Department of Mathematics

Colloquium

  •  David Rowe, Mainz University
  •  Emmy Noether: Mathematician Extraordinaire
  •  10/27/2020
  •  4:00 PM - 5:00 PM
  •  Online (virtual meeting)
  •  Aaron D Levin (levina@msu.edu)

Emmy Noether is famous as the “mother of modern algebra,” but her influence extended far beyond algebra alone. This talk, based on my recent book with the title above, will focus on Noether’s broader influence as an international figure in the 1920s. Beyond her immediate circle of students, Noether’s courses drew talented mathematicians from all over the world. Four of the most important were B.L. van der Waerden, Pavel Alexandrov, Helmut Hasse, and Olga Taussky. Noether’s classic papers on ideal theory inspired van der Waerden to recast his research in algebraic geometry. Her lectures on group theory motivated Alexandrov to develop links between point set topology and combinatorial methods. Noether’s vision for a new approach to algebraic number theory gave Hasse the impetus to pursue a line of research that led to the Brauer-Hasse-Noether Theorem, whereas her abstract style clashed with Taussky’s approach to classical class field theory during a difficult time when both were trying to find their footing in a foreign country. Hermann Weyl, her colleague before both fled to the United States in 1933, fully recognized that Noether’s dynamic school was the very heart and soul of the famous Göttingen community. Two recent books on Emmy Noether: Emmy Noether – Mathematician Extraordinaire https://www.springer.com/gp/book/9783030638092 Proving It Her Way: Emmy Noether, a Life in Mathematics https://www.springer.com/gp/book/9783030628109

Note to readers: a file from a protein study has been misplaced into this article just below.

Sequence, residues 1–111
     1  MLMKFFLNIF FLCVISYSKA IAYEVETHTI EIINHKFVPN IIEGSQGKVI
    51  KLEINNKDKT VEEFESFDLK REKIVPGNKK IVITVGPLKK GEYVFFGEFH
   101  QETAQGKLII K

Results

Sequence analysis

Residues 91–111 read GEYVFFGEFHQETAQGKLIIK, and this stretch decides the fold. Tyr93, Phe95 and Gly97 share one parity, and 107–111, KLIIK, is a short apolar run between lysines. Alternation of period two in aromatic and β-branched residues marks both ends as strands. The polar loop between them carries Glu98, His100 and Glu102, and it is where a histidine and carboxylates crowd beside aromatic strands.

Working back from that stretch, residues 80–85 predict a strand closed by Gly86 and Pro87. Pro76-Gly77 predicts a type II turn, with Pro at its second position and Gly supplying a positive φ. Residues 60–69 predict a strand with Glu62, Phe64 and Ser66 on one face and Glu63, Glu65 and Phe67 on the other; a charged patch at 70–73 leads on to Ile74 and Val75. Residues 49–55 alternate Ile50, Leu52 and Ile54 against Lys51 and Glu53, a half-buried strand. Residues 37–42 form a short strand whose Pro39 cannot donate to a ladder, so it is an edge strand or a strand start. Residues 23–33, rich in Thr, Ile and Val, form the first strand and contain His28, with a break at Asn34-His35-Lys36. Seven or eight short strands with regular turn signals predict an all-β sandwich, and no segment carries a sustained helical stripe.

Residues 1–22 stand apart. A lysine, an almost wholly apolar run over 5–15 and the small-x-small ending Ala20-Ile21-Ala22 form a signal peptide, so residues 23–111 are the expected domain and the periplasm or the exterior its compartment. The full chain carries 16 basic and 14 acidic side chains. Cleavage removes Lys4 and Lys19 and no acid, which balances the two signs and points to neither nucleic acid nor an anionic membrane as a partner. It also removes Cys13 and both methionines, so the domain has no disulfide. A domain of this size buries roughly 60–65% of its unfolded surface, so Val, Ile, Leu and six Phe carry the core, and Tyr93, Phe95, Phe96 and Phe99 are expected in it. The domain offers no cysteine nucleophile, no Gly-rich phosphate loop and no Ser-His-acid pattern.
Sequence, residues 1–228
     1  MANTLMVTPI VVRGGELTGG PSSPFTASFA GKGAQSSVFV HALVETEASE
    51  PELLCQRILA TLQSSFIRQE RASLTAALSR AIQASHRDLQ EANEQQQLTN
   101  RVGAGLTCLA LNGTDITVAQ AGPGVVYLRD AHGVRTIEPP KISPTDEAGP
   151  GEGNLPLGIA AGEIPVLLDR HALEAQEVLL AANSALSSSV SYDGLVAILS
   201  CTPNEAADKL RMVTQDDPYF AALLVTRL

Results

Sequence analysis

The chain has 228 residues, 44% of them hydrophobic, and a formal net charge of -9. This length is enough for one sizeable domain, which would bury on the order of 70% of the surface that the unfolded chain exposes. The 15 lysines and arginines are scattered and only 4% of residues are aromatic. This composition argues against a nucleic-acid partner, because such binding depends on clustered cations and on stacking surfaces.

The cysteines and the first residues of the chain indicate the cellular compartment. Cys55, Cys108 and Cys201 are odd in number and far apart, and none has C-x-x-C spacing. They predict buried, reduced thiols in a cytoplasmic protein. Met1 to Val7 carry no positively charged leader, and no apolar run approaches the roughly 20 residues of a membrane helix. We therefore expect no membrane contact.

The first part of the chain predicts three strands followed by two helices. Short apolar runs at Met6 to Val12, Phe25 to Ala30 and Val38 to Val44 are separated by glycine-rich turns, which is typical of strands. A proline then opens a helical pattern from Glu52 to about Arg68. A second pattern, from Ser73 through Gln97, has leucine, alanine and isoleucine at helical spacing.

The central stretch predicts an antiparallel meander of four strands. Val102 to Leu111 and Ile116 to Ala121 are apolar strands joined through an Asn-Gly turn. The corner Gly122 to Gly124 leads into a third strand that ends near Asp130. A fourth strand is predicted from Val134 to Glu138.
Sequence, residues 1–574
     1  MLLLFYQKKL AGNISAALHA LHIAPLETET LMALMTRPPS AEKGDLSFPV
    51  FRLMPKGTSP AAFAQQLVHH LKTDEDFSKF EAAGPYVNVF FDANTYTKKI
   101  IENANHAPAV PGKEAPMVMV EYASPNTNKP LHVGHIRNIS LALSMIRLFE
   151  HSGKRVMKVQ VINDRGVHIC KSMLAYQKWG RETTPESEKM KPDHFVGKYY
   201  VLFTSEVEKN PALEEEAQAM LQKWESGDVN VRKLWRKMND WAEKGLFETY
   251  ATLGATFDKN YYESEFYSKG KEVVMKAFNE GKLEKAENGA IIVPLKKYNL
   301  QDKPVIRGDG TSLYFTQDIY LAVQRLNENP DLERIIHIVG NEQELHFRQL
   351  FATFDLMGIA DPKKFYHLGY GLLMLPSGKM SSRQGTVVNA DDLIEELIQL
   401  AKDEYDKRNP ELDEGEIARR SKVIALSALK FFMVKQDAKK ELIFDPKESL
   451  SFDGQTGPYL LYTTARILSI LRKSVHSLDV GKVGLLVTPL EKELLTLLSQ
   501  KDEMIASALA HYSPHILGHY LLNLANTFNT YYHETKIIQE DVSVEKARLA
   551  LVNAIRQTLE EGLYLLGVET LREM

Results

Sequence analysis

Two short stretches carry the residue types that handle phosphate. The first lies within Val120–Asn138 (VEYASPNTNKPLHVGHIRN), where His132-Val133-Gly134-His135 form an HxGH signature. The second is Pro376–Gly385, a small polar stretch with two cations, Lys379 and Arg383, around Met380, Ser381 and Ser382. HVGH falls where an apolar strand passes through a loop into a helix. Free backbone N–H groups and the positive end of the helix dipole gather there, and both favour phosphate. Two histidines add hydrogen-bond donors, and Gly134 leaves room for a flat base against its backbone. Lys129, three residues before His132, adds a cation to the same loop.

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Department of Mathematics
Michigan State University
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